Foreign Policy Blogs

Expanding Influence of the Southern Hemisphere, but Under Whose Lead?

Countries within the Southern Hemisphere are on the move.

This past weekend member states of UNASUR and the African Union met on Margarita Island, Venezuela, in order to strengthen ties between their countries and continents. One of the ideas proposed by President Hugo Chávez, as well as Moammar Gadhafi, of Libya, is an alliance among countries in the South, a southern NATO of sorts. More information can be found in this NPR story.

Meanwhile, a major outcome of the G-20 in Pittsburgh last week was the acceptance that it will now serve as the world’s major economic organization. This grants greater recognition to other nations such as Brazil and India, whose economies and populations are significant and are yielding greater influence. The G-8, organized in 1975, now fails to represent the demographic and economic realities of the 21st century. The expanded set of countries accounts for 5/6 of global GDP and 2/3 of its population.

Chávez continues efforts to position himself as a leader of countries opposing the historical dominance of the United States and Europe. He is charismatic and can be inspiring, but one wonders if he is truly the best man to lead the charge in this cause?

Brazil’s population and GDP make it the rising South American powerhouse, while Venezuela’s clout rises and falls with the price of oil. Over the long-term it seems that Brazil is in a better position, as its economic strength is based on diversified sources, rather than relying solely on global demand for energy. Notably, while the Presidents of Venezuela, Brazil and Argentina all traveled to the UN General Assembly last week, only Lula and Kirchner continued on to Pittsburgh.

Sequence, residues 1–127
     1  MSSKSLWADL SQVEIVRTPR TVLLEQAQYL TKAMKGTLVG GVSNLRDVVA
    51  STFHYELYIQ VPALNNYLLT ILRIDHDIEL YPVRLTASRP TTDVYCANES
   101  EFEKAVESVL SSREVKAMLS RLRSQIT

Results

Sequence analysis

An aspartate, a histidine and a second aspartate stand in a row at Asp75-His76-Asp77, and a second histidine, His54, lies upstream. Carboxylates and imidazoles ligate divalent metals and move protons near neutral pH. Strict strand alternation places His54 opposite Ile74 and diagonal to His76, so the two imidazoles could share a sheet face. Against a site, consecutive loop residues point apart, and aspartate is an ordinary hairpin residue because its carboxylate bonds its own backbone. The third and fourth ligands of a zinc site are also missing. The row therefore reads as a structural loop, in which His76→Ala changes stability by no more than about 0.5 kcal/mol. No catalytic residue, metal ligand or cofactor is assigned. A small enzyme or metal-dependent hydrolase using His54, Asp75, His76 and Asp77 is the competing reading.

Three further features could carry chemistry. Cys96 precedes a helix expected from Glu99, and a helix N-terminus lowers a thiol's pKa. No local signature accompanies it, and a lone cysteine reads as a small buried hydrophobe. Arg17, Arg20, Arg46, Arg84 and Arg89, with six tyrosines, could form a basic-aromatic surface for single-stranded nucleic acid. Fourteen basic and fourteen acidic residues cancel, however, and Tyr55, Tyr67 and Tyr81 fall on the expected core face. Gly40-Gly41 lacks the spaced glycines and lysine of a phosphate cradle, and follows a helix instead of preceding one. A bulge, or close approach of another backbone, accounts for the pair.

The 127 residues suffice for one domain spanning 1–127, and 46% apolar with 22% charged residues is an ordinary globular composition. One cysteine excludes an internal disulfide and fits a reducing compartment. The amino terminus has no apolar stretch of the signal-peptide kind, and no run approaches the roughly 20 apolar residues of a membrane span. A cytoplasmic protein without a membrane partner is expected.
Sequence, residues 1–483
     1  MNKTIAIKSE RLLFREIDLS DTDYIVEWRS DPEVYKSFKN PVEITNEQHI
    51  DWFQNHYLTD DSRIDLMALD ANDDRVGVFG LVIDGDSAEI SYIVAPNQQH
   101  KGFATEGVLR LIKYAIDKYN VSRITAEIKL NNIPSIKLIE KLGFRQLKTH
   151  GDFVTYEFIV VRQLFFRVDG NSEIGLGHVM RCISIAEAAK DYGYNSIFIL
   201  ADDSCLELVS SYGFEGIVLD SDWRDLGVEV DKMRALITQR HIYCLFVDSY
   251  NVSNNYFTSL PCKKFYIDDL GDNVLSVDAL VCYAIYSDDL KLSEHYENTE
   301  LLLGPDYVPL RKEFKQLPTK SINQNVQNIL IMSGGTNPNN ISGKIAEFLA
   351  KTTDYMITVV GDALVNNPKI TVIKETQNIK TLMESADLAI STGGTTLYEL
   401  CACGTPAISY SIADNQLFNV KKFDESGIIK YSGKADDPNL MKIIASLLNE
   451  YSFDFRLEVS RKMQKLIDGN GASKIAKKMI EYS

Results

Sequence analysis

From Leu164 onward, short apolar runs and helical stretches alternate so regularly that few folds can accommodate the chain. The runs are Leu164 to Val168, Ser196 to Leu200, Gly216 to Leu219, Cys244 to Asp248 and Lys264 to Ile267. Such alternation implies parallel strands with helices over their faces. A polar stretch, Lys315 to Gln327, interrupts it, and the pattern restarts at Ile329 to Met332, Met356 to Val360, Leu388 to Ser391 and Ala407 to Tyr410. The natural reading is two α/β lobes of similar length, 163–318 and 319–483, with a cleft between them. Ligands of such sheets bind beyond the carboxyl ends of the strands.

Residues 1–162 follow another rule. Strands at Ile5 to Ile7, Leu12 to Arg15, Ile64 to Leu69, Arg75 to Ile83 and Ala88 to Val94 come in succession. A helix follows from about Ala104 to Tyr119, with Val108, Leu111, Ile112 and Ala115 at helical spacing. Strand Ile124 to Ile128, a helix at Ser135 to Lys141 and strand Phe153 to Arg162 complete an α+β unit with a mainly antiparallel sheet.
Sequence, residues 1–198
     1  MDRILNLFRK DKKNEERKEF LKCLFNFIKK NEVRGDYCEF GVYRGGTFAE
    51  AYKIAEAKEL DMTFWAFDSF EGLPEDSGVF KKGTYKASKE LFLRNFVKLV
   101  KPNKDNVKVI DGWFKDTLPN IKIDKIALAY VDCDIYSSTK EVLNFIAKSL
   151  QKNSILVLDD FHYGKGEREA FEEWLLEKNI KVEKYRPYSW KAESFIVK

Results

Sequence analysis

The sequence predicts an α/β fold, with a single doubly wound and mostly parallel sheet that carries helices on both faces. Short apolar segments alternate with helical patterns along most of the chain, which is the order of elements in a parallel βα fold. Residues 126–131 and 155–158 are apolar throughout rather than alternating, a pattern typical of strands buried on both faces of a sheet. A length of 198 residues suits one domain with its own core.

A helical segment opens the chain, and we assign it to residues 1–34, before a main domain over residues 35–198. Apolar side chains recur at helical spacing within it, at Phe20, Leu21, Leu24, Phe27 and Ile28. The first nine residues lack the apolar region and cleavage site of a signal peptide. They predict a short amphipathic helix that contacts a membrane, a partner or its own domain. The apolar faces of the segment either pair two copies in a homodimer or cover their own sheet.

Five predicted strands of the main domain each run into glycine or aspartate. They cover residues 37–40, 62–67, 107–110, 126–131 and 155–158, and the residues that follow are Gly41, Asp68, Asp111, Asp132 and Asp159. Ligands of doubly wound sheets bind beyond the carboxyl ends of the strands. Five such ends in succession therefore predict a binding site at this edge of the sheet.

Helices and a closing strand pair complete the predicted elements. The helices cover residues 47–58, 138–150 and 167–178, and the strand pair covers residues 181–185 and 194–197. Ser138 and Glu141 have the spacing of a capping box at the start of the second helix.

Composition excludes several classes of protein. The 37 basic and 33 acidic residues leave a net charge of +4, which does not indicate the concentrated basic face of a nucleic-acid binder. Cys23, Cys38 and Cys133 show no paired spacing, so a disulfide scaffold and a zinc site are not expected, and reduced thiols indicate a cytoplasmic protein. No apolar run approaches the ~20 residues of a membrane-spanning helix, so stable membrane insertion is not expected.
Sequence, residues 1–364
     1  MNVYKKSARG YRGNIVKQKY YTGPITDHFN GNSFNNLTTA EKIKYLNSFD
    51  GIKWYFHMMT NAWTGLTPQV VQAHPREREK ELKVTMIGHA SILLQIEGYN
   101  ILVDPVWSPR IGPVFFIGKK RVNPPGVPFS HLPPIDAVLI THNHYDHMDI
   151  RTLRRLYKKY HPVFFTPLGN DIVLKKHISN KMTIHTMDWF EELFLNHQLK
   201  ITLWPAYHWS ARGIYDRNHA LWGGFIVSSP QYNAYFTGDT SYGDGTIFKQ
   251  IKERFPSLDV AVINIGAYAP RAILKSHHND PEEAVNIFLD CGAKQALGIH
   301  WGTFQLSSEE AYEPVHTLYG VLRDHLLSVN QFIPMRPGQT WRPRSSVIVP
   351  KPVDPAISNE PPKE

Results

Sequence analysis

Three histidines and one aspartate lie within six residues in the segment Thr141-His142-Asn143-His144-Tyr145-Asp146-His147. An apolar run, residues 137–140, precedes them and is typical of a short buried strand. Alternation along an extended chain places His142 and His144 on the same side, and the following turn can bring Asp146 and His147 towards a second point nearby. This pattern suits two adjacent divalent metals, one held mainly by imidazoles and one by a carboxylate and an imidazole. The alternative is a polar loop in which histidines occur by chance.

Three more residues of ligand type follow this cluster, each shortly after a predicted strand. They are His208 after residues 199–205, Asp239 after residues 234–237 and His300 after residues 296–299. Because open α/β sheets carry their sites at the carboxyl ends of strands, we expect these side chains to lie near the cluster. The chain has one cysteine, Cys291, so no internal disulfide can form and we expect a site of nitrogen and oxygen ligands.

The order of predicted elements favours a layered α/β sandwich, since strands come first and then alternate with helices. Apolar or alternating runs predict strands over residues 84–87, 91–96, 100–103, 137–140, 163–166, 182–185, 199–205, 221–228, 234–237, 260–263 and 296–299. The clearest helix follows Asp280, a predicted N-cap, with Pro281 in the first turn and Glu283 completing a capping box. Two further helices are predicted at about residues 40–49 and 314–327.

Author

David D. Sussman

David D. Sussman is currently a PhD Candidate at the Fletcher School of Law and Diplomacy (Tufts University), in Boston, Massachusetts. Serving as a fellow at the Feinstein International Center, he was awarded a Fulbright Scholarship to study the lives of Colombian refugees and economic migrants in Caracas, Venezuela. David has worked on a variety of migrant issues that include the health of displaced persons, domestic resettlement of refugees, and structured labor-migration programs. He holds a Masters in International Relations from the Fletcher School, where he studied the integration of Somali and Salvadoran immigrants. David has a B.A. from Dartmouth College and is fluent in Spanish. He has lived in Colombia, Honduras, Nicaragua, Mexico and Venezuela, and also traveled throughout Latin America. In his free time David enjoys reading up on international news, playing soccer, cooking arepas, and dancing salsa casino. Areas of Focus: Latin America; Migration; Venezuela.

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